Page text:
The Art of Fragrance | Scenting Your Home for Maximum Enjoyment

Because of the position of the olfactory system in the brain, scent has the power to trigger emotions, memory and creativity. Perhaps you’ve experienced the jolt of memory caused by a stranger’s perfume or a nostalgically familiar laundry detergent. Realtors have been known to pop cookies into the oven to infuse the house with a delicious smell (and perhaps raise potential buyers’ endorphin levels) to set the stage for a positive showing.

According to the Sense of Smell Institute, the average person is able to distinguish over 1,000 different odors. Some of the top 10 that trigger happy feelings include the smell of baking bread or cookies, vanilla, freshly mowed grass, pine, citrus and baby powder. When it comes to your home, there is a unique smell to it, even if you can’t detect it. Within the space of just a few breaths, we can lose our ability to detect new odors due to olfactory adaptation. But if you go on vacation and return to your home, you will notice its unique smell.

Today the aroma of a home is a big business that markets ways to not only clean your home but enhance its scent. Oddly enough, a clean home should smell like nothing. Masking unpleasant odors with cleaning products is never the way to go. If you want to improve or change the scent of your home, you need to clean first and scent later.

There are certain unpleasant odors and problem areas that should be tackled first if you notice them. Moisture is the number one cause of household odors. Musty smells are often the result of mold or mildew that thrive in areas that don’t get much ventilation. Dehumidifiers help here. You can counter mustiness by regularly cleaning your trash cans, washing machine and dishwasher.

A monthly inventory of your fridge to ensure that contents are fresh will help prevent bad smells. Wipe down the inside, including shelves and drawers, with a 1-to-1 mixture of hot water and white vinegar with a tiny drop of dish soap.

Bedding, carpets, throw pillows and window coverings attract smells. While you can’t launder your mattress, you can sprinkle baking soda on it and vacuum it like a carpet. If the care labels on these items indicate they can be machine washed, they should be cleaned regularly. And if you have pets, you absolutely need to vacuum often. A sprinkle of baking soda 20 minutes prior to vacuuming will help neutralize any smells.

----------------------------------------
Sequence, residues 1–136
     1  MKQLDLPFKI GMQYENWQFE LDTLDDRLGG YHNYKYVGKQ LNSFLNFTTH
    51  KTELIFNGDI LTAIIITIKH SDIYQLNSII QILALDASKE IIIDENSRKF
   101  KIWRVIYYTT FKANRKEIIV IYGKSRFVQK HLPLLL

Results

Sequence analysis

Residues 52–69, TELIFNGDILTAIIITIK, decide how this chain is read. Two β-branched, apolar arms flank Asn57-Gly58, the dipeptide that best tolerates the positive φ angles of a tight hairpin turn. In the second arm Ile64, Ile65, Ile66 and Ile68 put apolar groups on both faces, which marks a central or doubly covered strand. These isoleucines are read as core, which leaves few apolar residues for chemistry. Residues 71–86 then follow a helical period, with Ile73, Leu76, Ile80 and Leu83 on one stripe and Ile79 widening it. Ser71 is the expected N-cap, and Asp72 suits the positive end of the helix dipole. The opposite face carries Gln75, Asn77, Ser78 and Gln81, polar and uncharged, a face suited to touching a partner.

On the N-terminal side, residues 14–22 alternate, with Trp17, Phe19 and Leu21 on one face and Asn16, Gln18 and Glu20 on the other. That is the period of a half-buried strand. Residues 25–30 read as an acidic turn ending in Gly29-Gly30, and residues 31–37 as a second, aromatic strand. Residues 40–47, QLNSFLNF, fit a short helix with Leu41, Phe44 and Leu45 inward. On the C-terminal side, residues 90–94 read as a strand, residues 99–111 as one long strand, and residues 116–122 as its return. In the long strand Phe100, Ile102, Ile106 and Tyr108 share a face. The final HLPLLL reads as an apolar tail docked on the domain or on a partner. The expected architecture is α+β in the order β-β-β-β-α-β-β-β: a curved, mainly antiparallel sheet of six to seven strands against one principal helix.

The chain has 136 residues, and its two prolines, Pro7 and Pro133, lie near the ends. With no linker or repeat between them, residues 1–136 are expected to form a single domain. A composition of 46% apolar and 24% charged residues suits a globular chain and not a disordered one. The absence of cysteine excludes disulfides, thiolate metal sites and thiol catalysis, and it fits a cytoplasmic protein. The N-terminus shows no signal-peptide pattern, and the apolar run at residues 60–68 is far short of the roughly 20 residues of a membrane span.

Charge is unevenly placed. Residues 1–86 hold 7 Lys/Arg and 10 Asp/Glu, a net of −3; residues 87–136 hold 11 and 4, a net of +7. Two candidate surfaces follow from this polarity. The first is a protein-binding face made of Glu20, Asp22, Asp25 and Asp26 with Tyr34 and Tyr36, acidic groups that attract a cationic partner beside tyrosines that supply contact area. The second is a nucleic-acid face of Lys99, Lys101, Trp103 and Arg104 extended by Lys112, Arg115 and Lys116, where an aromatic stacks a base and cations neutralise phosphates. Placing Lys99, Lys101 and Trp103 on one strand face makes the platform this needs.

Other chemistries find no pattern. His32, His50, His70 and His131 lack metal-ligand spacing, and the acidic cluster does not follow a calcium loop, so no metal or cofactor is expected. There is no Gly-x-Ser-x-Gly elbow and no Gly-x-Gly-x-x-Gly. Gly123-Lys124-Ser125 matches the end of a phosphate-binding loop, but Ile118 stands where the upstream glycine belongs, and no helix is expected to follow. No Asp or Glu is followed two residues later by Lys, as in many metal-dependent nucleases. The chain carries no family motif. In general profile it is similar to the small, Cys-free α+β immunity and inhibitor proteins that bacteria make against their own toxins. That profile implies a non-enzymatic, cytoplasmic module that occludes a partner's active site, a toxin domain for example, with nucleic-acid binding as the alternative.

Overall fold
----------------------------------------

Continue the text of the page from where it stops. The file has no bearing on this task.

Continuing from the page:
Once your home is clean, you can add in a subtle scent with essential oils (highly concentrated extracts from flowers, leaves and other plant parts), candles or diffusers. A drop or two of your favorite essential oil on your air filter will help circulate a signature scent. Candles offer a quick way to infuse a room with a favorite scent, and soy wax gives you the cleanest burn. To extend the shelf life of a candle, burn a new one for three to four hours, rather than a few minutes, so that the wax pools across the container from rim to rim. Wax has memory and won’t pool past the circumference of the previous burn; it will tunnel down, causing waste. Trim wicks to 1/4 inch prior to each burning, and upcycle the container when the candle is burned away.

There are a variety of diffusers on the market, ranging from the simple to the luxurious. Reed diffusers consist of a vessel containing fragrance oil into which reed or rattan sticks are inserted. They absorb the scent like little straws, moving it up the length of the reed to the top where it evaporates and disperses the fragrance into the air.

Ultrasonic diffusers use electronic frequencies to create vibrations in water, which then create a fine mist of water and essential oils that is released into the air. Since these diffusers utilize water, some people choose them in winter to help humidify dry air.

A lampe berger is a heat diffuser that marries a beautiful container with air purifying and perfuming capabilities. The lamp was initially invented in 1898 to help with disinfection in hospitals. A lampe berger uses a catalytic burner that heats to burn an alcohol-based liquid fuel. In just 20 minutes, the alcohol releases molecules into the air that eliminate odor while diffusing scent at the same time.

The smells that you’ll enjoy the most in your house this time of year are the ones that recall favorite memories of past holidays. Winter may be all about cozying up inside by a fire, but some of the most traditional scents are those found in nature. A stovetop potpourri can fill your house with a variety of delicious smells. Try cinnamon sticks, cardamom pods, cloves, citrus peels, fresh ginger, pine sprigs or vanilla extract. A favorite meal in the crockpot or gingerbread cookies in the oven are also surefire ways to infuse your home with the holiday spirit.


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